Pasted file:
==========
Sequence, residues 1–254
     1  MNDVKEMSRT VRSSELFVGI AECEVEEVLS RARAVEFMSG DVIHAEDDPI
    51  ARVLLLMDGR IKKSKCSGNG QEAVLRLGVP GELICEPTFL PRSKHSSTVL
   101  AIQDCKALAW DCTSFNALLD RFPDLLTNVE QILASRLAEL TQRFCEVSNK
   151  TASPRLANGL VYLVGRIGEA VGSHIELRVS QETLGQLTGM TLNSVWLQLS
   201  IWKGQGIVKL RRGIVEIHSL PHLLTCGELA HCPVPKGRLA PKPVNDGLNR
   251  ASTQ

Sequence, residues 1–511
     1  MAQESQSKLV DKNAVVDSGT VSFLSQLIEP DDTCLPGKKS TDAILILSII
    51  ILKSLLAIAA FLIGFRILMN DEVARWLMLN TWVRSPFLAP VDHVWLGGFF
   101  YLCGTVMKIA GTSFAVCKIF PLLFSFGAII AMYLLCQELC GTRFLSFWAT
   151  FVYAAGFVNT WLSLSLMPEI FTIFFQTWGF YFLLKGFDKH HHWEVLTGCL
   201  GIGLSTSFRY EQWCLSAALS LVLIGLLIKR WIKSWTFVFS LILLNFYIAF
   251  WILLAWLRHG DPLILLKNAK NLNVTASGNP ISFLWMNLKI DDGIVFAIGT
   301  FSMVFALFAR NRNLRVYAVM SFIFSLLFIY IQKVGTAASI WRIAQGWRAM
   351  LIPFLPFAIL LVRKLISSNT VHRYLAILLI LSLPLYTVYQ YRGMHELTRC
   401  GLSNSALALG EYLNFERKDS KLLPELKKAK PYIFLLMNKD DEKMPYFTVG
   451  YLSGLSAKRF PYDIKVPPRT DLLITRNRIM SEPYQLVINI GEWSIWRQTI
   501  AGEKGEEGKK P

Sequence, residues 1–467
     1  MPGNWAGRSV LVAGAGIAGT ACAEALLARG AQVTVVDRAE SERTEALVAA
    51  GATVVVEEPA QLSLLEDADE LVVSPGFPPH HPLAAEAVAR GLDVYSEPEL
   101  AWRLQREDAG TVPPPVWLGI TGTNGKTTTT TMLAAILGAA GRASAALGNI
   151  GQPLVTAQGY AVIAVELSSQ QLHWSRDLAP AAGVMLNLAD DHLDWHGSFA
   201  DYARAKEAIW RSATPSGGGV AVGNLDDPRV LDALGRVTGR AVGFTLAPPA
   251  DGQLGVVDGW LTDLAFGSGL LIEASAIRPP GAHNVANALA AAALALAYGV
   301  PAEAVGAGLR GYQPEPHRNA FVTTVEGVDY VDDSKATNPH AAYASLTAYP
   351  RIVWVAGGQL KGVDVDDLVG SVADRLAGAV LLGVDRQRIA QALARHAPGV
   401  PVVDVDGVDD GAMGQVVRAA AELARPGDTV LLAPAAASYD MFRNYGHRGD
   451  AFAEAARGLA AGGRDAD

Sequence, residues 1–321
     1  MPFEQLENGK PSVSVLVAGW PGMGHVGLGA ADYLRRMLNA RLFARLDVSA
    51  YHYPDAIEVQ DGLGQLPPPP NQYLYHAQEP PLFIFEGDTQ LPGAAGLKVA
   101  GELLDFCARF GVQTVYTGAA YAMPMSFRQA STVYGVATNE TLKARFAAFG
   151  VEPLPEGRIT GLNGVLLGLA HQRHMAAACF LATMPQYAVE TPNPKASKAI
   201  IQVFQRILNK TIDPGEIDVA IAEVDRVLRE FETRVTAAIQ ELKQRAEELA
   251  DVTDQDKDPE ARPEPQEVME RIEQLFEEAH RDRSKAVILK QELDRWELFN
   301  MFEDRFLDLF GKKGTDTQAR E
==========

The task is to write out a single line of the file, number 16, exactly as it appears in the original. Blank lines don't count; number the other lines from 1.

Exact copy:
   351  LIPFLPFAIL LVRKLISSNT VHRYLAILLI LSLPLYTVYQ YRGMHELTRC